RE: I'm fine with this
By Reclaimer77 on 10/9/2012 6:11:35 PM , Rating: 2
quote:
The blue states would not have budget shortfalls if their federal tax revenue came back to their state instead of to red states.


AHAHAAHHA!!!!!!!!

You're too much! Have a nice day, I'm done lol. Just..WoW

AHAHAHAHAH!!


RE: I'm fine with this
By shmmy on 10/9/2012 9:04:59 PM , Rating: 2
Don't argue with Reclaimer its like arguing with a child. He knows everything and you are stupid..........


RE: I'm fine with this
By phlogiston on 10/9/2012 6:39:28 PM , Rating: 2
Instead of labeling everyone who disagrees with you a white-trash idiot, maybe you should consider both sides have equally valid arguments. Which side you identify with has more to do with your value system than with "rightness" or "wrongness." The ironic thing is, both liberals and conservatives NEED the other to provide some perspective that each group lacks.

Unfortunately, debate in this country has descended into name-calling and character assassination. Thoughtful consideration of other points of view is too difficult, too taxing. It's much easier to label all red states "Dumbf**kistan" or all blue states the "Democratic Peoples Republic of America" than actually think.

Eveyone who argues politics on DailyTech should take a look at this TED talk, for some food for thought: http://www.ted.com/talks/jonathan_haidt_on_the_mor...


RE: I'm fine with this
By arazok on 10/9/2012 7:26:02 PM , Rating: 1
The irony of this statement is that the people in the red states generally oppose the types of tax and spend programs that make this the case, while those in the blue states demand more.

So really, you have nobody to blame but yourself – or at least your fellow NJ voters.


RE: I'm fine with this
By StevoLincolnite on 10/9/2012 12:19:42 PM , Rating: 3
Well, without research we would not have any of today's modern medicines and technologies, that means computers, cars, space flight, advanced medicines... You name it.

I would much rather Governments prop up research and development which is likely to have a massive impact not only in the future of a country, but can have massive beneficial effects all around the globe.

It makes more sense than bailing out failing companies at any rate or propping up welfare.


RE: I'm fine with this
By Kurz on 10/9/2012 3:15:53 PM , Rating: 2
I see only one thing that is was initially funded by the government. Space Flight. Rest the government entered late/recently in the life of research.

The rest had a market demand for it.


RE: I'm fine with this
By MadMan007 on 10/9/2012 4:03:31 PM , Rating: 3
How ironic that you post such a statement on the *internet.*


RE: I'm fine with this
By NicodemusMM on 10/10/2012 12:31:55 AM , Rating: 3
How blind that you think it wouldn't have happened anyway... and possibly better. Since its inception what contributions has the government made to the technology behind the internet?


RE: I'm fine with this
By StevoLincolnite on 10/10/2012 1:10:42 AM , Rating: 2
Allot of governments assist in building network infrastructure, either submarine, backhaul... You name it.

Or, in Australia's case, rolling out 100mbps fiber to 98% of the population.

Regardless, that's more infrastructure building where governments do assist allot, research on new internet technologies is mostly done by private companies these days.

However, if you dig a little deeper, NASA (Which is assisted by the Government) actually assisted in developing the integrated circuit which has roots in all our computing devices today, be it routers (To run the internet.) to computers (To view the internet on.)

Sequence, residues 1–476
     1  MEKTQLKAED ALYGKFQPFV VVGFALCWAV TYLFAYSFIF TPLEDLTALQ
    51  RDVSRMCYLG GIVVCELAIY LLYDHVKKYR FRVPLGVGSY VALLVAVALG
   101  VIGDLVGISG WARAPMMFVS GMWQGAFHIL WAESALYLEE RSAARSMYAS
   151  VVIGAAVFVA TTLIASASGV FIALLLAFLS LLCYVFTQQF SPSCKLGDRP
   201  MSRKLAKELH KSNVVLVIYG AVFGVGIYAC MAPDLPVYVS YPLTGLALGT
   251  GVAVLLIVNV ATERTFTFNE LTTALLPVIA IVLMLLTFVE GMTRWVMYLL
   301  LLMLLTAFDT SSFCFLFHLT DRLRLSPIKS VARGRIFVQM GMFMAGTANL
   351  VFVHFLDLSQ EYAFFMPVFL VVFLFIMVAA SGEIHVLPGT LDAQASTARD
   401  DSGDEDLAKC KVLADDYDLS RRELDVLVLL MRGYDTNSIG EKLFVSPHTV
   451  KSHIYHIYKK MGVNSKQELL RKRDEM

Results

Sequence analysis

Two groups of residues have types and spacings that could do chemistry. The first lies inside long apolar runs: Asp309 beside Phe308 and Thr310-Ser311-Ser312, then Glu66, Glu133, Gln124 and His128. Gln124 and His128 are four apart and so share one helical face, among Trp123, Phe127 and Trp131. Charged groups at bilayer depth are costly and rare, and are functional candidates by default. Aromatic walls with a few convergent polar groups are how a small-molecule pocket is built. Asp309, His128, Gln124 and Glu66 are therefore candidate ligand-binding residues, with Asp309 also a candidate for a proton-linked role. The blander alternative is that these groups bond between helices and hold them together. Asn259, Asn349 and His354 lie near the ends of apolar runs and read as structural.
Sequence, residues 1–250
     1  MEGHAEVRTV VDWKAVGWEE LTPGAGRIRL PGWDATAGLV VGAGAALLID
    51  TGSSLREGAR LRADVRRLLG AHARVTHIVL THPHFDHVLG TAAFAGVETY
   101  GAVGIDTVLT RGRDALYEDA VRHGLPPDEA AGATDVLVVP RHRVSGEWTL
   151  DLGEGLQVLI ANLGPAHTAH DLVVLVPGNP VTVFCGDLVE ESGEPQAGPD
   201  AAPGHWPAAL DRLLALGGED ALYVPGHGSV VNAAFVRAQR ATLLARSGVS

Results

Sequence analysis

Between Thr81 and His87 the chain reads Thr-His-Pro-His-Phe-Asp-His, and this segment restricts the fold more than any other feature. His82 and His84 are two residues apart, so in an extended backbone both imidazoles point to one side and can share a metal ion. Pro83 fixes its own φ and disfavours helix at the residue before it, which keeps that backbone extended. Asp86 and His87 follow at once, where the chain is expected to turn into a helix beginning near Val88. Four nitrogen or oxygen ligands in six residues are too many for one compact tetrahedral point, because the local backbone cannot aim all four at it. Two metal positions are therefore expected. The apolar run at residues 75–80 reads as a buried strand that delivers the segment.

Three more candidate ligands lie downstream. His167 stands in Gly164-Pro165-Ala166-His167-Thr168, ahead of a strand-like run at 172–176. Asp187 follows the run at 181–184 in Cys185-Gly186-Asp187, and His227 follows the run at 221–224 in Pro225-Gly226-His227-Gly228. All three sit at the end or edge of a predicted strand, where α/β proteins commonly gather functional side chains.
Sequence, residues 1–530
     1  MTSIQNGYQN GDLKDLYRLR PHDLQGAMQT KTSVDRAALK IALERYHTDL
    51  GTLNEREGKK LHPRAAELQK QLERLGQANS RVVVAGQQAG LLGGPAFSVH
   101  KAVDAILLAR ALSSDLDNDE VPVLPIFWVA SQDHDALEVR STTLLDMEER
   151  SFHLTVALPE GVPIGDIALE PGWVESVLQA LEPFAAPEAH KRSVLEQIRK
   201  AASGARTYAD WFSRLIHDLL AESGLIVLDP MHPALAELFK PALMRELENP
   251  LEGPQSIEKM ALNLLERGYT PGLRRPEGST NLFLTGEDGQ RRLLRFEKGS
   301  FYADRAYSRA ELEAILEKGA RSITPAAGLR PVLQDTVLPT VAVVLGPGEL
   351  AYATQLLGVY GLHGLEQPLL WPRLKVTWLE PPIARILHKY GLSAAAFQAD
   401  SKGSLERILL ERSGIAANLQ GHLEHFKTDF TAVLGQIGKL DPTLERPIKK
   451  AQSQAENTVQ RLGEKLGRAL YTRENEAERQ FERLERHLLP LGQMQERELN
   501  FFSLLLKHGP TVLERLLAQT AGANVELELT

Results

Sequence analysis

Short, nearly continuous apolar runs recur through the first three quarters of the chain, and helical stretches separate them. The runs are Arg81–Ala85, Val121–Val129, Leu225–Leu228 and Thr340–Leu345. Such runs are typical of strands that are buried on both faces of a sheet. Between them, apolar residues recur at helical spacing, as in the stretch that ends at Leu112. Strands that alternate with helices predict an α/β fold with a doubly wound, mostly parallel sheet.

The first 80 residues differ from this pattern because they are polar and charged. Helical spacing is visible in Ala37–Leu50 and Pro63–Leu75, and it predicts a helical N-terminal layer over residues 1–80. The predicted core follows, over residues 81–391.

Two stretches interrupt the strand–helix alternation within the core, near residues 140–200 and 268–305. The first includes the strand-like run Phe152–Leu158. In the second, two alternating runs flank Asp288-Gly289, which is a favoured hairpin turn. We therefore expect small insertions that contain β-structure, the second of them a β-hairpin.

RE: I'm fine with this
By NellyFromMA on 10/9/2012 12:36:38 PM , Rating: 5
There isn't enough money to do everything anymore. Thank your mothers and fathers and grand parents for depleting it mostly without even knowing it.

Yes, you could argue endlessly about how one program is favorable over another or that its 'indespensible'. In fact, I wager to veture a guess that all currently funded projects are considered indespensible to someone.

The problem is, you either have the money to do it or you don't. It's simple in that sense.

Some things simply cannot be afforded anymore. I don't necessarily have an opinion on this specific project, but it sure doesn't sound a hell of a whole lot of useful seeing as how it is in the long-term phase already and has no promise or projection of even benefitting mankind in any meaningful way in the next 50 years even.

People are going to have to accept the fact that American life has changed and you are being politely nudgeed into accepting that and will continue to be over the next decade or two.

We just don't have a blank check anymore. Some things will simply need to stop.


RE: I'm fine with this
By kattanna on 10/9/2012 12:53:23 PM , Rating: 2
quote:
Maybe the funding could be reduced a bit,


yeah.. like 100% It will never be any good at the 2 things it has been touted to do.

initially it was all about fusion.. but even a cursory glance over the program showed issues. Aye.. they might be able to do a one off shot of fusion, but then the thing would have to be shut down, cleaned and opened to insert a new tiny fuel pellet target. this would not ever make a usable reactor that could do sustained reactions to generate actual power. This was from my own readings of their program from years ago.

and the nuclear weapons testing.. is a new add-on to try to continue funding.

quote:
but I'd rather have my tax money spent on developing awesome lasers than pay for unnecessary wars on the middle east or tax cuts for the wealthy...


now i am for ultra high end laser research, but there are better ways to do that then this program.


RE: I'm fine with this
By MozeeToby on 10/9/2012 1:20:02 PM , Rating: 1